Video of the day

Why yes, this is a video of a grown woman opening and playing with a Barbie set where Barbie picks up her dog’s poop.

Now, prepare to have your mind blown…

Videos like this are the top-earning videos on all of Youtube.  Yes, more than Taylor Swift:

An unidentified individual or group responsible for uploading videos that simply show a woman opening Disney toys made an estimated $4.9 million last year, more than any other channel for 2014, according to OpenSlate, a video analytics platform that analyzes ad-supported content on YouTube.

Disney Collector is part of a new, highly lucrative genre of online videos called “unboxing.” Unboxers with seemingly no active sponsorship will decide on a set of consumer items, from electronics to makeup, and didactically discuss a given product’s parts and features. But it’s toys that seem to have taken off — at least two other unboxers, DisneyCarToys and the aforementioned BluCollection ToyCollector currently sit on OpenSlate’s most-viewed list and could crack its top-earner list for 2015.

“A lot more of these toy channels have started showing up in our platform,” Ritchie said. “They’re doing a good job [with] engagement, showing consistent influence, which takes into consideration things like social media and sharing.

Disney Collector’s particular success seems to be owed to her having hit the toy spot earlier than her peers, cementing her status as a superstar among children. Maria Moser, a mother of three who blogs at, said she stumbled upon the videos about a year ago when she and her youngest son, then two, were searching for Thomas the Tank Engine videos.

She said her son just “really likes seeing the different toys opened and played with.”

Why do I know about this particular video?  My four-year old daughter was entranced by the whole thing (I gotta admit, I couldn’t resist watching Taffy pooping) and watches these all the time.  I think she is write now actually while I’m typing this post (mind you, I queued this for later posting).  She’s helping these people earn millions.  Who would have ever guessed little kids couldn’t get enough of watching other people open and play with toys.  Bizarre.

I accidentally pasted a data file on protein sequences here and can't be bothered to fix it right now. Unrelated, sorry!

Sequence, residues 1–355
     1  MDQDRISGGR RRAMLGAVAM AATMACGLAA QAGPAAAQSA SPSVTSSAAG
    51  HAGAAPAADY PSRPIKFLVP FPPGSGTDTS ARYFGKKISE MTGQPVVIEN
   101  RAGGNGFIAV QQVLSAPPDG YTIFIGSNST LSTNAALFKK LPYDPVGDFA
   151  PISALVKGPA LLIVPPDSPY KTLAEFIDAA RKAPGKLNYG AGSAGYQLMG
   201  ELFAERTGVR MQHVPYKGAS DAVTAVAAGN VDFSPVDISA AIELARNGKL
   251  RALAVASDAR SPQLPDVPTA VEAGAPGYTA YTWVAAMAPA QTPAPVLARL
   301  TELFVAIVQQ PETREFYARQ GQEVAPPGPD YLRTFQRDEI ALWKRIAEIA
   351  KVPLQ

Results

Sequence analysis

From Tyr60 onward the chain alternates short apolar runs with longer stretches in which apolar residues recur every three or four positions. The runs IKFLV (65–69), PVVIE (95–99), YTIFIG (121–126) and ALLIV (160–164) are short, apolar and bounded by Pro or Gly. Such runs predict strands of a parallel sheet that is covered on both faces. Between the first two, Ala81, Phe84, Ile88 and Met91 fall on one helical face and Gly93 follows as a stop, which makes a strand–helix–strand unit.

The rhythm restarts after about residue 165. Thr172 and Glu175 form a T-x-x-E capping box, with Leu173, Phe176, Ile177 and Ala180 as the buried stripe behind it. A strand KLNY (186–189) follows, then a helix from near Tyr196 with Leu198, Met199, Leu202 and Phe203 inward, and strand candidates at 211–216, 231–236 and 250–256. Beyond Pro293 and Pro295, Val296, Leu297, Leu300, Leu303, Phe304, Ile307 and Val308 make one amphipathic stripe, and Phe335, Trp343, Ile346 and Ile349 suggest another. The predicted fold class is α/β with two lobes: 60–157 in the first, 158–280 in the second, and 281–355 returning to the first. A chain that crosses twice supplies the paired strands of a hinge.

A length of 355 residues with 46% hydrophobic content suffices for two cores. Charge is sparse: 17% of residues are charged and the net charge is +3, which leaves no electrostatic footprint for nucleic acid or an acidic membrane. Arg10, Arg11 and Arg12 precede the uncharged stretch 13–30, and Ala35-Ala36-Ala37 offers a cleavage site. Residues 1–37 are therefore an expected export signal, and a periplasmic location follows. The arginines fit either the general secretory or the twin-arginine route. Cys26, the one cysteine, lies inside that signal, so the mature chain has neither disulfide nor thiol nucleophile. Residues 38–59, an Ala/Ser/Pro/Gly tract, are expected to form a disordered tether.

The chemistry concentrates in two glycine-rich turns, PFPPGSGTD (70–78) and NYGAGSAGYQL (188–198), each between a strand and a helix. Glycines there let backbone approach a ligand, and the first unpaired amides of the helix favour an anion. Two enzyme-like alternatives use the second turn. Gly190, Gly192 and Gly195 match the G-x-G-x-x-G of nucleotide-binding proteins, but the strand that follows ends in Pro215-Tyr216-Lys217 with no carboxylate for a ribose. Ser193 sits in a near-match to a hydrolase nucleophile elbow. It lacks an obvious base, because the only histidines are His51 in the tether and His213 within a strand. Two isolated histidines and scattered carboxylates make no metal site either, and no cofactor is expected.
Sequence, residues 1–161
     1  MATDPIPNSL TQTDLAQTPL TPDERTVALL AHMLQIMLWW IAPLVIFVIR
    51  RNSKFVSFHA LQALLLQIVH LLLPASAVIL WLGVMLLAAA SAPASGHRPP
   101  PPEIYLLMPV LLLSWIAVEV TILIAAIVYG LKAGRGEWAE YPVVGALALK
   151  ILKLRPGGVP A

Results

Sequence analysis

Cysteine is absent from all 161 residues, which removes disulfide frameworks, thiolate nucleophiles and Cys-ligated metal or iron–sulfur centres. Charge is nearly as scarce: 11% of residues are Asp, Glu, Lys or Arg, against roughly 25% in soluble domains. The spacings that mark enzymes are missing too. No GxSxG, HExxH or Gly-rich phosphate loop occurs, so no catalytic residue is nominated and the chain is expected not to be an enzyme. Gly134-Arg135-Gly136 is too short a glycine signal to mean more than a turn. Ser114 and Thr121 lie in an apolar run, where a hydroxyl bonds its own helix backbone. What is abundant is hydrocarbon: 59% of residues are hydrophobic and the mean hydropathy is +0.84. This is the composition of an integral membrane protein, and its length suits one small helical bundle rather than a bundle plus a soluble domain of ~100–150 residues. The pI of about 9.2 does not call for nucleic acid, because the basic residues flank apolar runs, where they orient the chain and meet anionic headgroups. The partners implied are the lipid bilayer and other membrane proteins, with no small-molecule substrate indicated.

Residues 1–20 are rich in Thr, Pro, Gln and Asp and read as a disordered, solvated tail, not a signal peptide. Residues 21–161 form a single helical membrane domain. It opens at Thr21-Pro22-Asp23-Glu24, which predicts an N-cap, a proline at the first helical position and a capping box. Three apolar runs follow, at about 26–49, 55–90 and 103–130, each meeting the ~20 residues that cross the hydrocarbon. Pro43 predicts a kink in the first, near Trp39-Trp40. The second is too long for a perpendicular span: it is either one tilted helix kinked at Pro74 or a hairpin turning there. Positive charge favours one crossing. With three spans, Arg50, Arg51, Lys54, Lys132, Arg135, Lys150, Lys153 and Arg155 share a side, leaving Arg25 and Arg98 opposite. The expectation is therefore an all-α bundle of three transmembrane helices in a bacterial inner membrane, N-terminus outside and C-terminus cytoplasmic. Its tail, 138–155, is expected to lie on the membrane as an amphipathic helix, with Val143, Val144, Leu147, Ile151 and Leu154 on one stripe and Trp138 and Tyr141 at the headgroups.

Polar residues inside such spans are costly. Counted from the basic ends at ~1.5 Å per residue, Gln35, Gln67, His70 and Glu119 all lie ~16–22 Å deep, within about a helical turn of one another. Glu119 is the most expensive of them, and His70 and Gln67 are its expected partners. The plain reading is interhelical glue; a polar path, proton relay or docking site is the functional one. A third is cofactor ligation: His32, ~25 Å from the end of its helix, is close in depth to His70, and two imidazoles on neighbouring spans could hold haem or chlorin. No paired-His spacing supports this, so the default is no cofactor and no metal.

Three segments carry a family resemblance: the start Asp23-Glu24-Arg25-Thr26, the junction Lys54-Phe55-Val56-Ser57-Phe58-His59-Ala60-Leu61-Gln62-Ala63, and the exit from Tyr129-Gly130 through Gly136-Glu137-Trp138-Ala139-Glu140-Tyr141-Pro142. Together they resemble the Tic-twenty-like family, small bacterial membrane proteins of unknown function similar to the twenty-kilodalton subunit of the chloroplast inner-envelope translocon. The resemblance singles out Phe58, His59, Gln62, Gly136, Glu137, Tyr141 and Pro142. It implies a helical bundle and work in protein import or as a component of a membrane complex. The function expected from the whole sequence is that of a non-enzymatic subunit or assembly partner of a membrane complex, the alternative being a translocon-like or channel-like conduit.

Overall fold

Photo of the day

Love this from Cory Richards’ Instagram feed:

Guns may not kill people, but they sure make it a hell of a lot easier

Of course the whole “guns don’t kill people; people kill people” business is just pure sophistry, but it’s great to see  Evan DeFilippis and Devin Hughes with a terrific article in Slate summarizing the recent research on guns and deaths.  I’m not 100% persuaded by all their evidence (the piece is pure advocacy and does not address any of the shortcomings of the research), but the balance of the evidence they cite makes it pretty damn clear that more guns –> more people dying.

Tragically, a record number of Americans subscribe to some version of this mythology, with 63 percent (67 percent of men polled and 58 percent of women) believing that guns truly do make them safer. The public’s confidence in firearms, however, is woefully misguided: The evidence overwhelmingly shows that guns leave everybody less safe, including their owners.

A study from October 2013 analyzed data from 27 developed nations to examine the impact of firearm prevalence on the mortality rate. It found an extremely strong direct relationship between the number of firearms and firearm deaths. The paper concludes: “The current study debunks the widely quoted hypothesis that guns make a nation safer.” This finding is bolstered by several previous studies that have revealed a significant link between gun ownership and firearm-related deaths…